Germany and Europe "cannot protect themselves" without the US, said German Defense Minister Annegret Kramp-Karrenbauer. Her latest remarks follow criticism from French President Emmanuel Macron.
German Defense Minister Annegret Kramp-Karrenbauer on Tuesday said it was an "illusion" to think that Europe could go it alone on security without the US and NATO.
"The idea of Europe's strategic autonomy goes too far if it fosters the illusion that we can guarantee security, stability and prosperity in Europe without NATO and without the US," she said in a keynote speech at the University of the German Federal Armed Forces in the northern city of Hamburg.
"Without America's nuclear and conventional capabilities, Germany and Europe cannot protect themselves. Those are the plain facts," she said.
Among other things, she pointed out that Europe relied on the US heavily for its missile defense and nuclear weapons.
"To make up for this would take decades by any serious calculation and would make our present defense budgets look more than modest," she said.
However, she said that there was a general political consensus that Germany and Europe should take on more responsibility, and that the change of administration in the US provided new chances as well as new challenges.
"Now we Europeans can show that we want to use this chance and how," she said.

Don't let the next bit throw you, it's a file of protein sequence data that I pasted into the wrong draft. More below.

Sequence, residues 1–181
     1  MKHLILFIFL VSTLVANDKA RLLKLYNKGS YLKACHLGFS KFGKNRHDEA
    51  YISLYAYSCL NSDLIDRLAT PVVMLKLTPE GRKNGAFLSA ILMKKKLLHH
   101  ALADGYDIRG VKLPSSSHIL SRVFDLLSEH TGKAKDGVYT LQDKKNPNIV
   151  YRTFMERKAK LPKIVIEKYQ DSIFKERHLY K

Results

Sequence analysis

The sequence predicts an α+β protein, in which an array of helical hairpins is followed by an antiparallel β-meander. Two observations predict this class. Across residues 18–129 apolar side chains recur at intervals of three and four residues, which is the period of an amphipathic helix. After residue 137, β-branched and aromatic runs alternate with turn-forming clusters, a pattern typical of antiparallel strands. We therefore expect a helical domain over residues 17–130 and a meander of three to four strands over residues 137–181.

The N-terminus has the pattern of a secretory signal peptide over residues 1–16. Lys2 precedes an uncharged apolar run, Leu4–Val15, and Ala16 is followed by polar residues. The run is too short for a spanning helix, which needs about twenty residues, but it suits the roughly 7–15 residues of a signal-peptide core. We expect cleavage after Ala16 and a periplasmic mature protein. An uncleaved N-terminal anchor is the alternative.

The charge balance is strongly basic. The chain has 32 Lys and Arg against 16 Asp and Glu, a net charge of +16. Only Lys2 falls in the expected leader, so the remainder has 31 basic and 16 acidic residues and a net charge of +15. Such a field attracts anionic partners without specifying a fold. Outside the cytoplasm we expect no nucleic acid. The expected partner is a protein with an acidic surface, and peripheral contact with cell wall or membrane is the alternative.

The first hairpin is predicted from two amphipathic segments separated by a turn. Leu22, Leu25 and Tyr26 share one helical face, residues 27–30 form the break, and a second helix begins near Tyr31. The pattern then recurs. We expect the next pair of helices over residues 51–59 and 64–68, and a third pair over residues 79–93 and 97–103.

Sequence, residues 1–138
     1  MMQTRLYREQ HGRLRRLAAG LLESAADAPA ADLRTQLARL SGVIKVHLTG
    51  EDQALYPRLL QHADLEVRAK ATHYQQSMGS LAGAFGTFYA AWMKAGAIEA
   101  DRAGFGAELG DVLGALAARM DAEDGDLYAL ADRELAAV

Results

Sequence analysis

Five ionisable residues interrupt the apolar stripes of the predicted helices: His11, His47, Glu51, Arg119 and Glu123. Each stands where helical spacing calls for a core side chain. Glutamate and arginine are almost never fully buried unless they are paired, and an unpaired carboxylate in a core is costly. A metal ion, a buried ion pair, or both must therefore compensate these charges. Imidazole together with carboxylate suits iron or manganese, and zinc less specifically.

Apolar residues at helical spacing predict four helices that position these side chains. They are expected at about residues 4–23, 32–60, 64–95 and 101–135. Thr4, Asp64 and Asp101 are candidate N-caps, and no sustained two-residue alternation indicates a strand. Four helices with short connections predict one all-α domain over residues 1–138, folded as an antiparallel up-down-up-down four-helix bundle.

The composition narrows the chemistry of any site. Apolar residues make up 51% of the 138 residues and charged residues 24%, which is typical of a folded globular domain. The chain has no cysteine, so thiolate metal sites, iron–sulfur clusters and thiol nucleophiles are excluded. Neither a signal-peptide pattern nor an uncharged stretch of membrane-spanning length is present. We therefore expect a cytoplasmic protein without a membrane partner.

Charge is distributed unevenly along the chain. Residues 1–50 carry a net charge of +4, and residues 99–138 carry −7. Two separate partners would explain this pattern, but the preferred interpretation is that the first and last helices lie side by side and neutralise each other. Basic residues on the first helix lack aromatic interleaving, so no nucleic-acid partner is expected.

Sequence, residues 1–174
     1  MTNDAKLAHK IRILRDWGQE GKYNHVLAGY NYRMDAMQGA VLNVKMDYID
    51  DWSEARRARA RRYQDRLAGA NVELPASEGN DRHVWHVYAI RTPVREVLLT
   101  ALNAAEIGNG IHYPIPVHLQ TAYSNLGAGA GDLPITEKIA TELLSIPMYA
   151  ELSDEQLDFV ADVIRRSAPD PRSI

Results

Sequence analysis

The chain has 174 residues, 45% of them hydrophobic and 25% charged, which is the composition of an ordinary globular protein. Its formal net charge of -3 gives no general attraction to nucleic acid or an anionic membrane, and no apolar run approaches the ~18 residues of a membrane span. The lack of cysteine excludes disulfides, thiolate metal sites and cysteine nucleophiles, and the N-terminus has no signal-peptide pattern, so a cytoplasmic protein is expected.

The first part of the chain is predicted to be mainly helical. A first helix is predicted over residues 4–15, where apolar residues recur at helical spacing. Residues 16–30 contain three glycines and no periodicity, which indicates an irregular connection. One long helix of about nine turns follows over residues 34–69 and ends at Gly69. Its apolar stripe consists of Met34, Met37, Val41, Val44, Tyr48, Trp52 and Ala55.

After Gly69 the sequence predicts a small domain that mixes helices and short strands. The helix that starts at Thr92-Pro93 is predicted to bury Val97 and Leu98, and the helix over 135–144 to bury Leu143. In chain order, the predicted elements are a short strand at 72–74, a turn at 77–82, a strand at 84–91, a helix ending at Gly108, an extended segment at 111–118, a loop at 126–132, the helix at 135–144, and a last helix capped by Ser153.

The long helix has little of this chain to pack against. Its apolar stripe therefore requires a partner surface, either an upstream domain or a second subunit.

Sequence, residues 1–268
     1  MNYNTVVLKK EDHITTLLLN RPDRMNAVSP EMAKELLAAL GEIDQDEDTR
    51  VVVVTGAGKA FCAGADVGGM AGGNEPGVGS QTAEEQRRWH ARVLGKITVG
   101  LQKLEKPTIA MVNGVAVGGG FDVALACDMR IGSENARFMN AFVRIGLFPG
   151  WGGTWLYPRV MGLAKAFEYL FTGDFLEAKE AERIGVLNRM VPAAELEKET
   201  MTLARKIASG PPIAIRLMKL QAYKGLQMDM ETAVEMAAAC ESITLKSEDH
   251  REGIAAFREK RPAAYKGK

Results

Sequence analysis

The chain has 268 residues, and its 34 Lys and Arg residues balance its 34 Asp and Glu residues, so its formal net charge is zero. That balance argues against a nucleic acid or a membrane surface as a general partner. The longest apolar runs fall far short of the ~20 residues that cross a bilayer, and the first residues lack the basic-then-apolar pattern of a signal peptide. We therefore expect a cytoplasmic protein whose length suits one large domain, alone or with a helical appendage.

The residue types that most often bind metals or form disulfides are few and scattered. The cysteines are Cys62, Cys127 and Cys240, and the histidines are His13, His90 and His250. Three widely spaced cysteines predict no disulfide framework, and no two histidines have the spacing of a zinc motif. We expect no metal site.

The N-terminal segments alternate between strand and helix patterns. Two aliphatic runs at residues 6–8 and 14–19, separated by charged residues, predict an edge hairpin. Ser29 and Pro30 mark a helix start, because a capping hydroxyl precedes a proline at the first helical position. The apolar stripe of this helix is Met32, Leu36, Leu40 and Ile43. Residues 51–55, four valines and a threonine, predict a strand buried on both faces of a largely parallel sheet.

Criticism from across the border
Her remarks come after French President Emmanuel Macron criticized an op-ed by Kramp-Karrenbauer in Politico earlier this month in which she espoused much the same viewpoints.
In an interview with Le Grand Continent magazine, Macron called on Europe to use the change of administration in the US to build up its security autonomy, saying the US would respect the continent only if it were sovereign in defense matters. He called Kramp-Karrenbauer's comments about Europe's reliance on the US a "misinterpretation of history."
Despite the apparent difference of opinion, however, Kramp-Karrenbauer seemed to support Macron's view on autonomy in her speech on Tuesday.
"We want Europe to be a strong partner for the US on an equal footing and not a charge in need of protection," she said. "The new American president, Joe Biden, must see and feel that we are striving precisely for that."